01/07/2015 11:01AM

New York-bred millionaire Thunder Rumble dies following colic

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Barbara D. Livingston
Grade 1 winner Thunder Rumble, a resident of Old Friends at Cabin Creek: The Bobby Frankel Division in New York, died on Jan. 6 at age 26.

New York-bred millionaire and Travers Stakes winner Thunder Rumble died on Jan. 6 following complications from an episode of colic at Old Friends at Cabin Creek: The Bobby Frankel Division in Greenfield Center, N.Y. The son of Thunder Puddles was 26.

Thunder Rumble, who was trained for the majority of his career by the late Richard O’Connell, captured three stakes races in the winter and early spring of 1992 at Aqueduct before a virus sent him to the sidelines during the spring classics. He returned for the major summer events at Saratoga Race Course, sweeping the Jim Dandy and the Travers.

An injury sustained while finishing seventh in the 1992 Breeders’ Cup Classic cost Thunder Rumble the 1993 season. He returned in 1994 to win the Saratoga Cup Handicap, retiring at the end of that season with eight wins from 19 starts and earnings of $1,047,552.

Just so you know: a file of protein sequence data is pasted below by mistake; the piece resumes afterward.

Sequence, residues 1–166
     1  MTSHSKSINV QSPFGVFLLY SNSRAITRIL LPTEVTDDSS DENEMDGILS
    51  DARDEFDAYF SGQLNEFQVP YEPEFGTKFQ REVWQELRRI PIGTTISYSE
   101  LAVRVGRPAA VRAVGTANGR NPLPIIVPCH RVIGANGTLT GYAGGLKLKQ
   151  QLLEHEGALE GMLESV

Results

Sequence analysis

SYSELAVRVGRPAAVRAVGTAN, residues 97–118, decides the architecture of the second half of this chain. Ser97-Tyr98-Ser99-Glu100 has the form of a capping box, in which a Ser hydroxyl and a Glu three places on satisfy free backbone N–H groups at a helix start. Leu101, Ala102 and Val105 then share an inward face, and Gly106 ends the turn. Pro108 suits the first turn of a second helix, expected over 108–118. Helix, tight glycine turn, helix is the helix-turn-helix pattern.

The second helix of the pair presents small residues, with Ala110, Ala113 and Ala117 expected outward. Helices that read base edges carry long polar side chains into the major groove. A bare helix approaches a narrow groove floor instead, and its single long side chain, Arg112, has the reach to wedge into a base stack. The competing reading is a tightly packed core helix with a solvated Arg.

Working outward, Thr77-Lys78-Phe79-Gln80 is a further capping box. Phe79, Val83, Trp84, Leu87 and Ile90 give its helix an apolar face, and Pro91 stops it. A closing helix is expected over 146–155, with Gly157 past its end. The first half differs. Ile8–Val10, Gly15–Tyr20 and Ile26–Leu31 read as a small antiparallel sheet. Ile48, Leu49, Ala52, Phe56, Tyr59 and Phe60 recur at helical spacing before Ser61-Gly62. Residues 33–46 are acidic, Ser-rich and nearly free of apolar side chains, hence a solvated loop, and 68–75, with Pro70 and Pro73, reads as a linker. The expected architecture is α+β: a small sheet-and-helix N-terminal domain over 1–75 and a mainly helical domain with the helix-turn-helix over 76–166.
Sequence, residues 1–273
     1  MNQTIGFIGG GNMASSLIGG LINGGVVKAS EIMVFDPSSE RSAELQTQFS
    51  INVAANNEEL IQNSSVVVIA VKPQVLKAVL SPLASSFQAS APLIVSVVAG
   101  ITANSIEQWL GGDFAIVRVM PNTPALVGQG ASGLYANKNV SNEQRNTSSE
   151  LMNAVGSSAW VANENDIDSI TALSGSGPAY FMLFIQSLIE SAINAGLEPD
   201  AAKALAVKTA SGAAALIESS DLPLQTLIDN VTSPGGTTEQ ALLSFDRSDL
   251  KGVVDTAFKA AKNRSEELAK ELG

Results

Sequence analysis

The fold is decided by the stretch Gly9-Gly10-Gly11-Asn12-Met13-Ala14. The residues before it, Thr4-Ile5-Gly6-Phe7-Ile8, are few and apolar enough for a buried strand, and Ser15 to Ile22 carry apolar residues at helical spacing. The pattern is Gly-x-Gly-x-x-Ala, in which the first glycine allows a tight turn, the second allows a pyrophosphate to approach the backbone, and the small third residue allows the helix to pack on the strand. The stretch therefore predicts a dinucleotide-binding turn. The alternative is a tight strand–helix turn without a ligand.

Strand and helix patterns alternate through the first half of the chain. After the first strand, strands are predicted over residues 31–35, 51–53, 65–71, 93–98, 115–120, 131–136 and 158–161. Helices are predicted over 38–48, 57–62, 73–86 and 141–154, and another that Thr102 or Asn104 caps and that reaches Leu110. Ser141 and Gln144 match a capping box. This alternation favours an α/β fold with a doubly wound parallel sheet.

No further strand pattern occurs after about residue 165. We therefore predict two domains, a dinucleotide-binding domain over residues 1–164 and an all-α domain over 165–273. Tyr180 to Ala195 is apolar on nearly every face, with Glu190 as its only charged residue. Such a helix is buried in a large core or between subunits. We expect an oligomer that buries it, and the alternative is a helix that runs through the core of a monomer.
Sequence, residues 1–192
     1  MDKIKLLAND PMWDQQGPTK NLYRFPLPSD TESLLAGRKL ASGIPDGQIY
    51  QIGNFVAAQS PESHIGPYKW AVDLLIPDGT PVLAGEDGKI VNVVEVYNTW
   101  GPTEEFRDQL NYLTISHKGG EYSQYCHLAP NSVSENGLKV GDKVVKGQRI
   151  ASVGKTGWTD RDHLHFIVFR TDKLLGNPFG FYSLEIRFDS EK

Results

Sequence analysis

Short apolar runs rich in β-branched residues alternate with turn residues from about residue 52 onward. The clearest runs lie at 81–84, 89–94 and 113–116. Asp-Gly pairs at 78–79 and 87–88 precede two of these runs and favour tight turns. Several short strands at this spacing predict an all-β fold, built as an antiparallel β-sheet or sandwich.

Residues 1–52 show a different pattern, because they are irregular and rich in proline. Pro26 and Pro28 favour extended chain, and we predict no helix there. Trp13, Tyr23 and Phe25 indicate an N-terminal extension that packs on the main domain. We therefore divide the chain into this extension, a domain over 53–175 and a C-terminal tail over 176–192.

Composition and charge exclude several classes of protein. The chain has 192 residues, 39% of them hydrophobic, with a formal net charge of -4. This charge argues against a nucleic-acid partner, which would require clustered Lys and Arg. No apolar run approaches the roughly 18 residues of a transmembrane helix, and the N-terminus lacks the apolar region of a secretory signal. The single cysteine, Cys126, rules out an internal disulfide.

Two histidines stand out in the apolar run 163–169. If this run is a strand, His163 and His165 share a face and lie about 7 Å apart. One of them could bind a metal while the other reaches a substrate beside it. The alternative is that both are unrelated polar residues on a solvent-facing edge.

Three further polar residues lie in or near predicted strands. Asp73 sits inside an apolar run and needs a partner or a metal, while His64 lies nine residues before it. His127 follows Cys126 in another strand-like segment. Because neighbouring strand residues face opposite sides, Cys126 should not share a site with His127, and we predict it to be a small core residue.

Thunder Rumble entered stud in New York, where he stood his first four seasons before moving to Albemarle Stud in Free Union, Va. He returned to New York in 2002 to stand at Keane Stud in Amenia, N.Y., until he was pensioned in 2006. He arrived at Old Friends at Cabin Creek, a satellite for Georgetown, Ky.-based retirement organization Old Friends, in December 2009.

Thunder Rumble has sired 56 winners who have earned more than $3.9 million combined, led by stakes winner Frisky Thunder and stakes-placed winners On the Fan, Rumbling Girl, Deputy Shaker, Burning Rambo, December Thunder, and The Roscoe Rumble. He also sired Real Charmer, a champion in the Dominican Republic.

Thunder Rumble was buried at Old Friends at Cabin Creek.

“He was the most magnificent stallion I have ever met and am so thankful to have known him and loved him,” Cabin Creek’s JoAnn Pepper wrote in a statement on the farm’s Facebook page. “He is buried here, in his favorite place, under his pines. Be free, my friend, till we meet again.”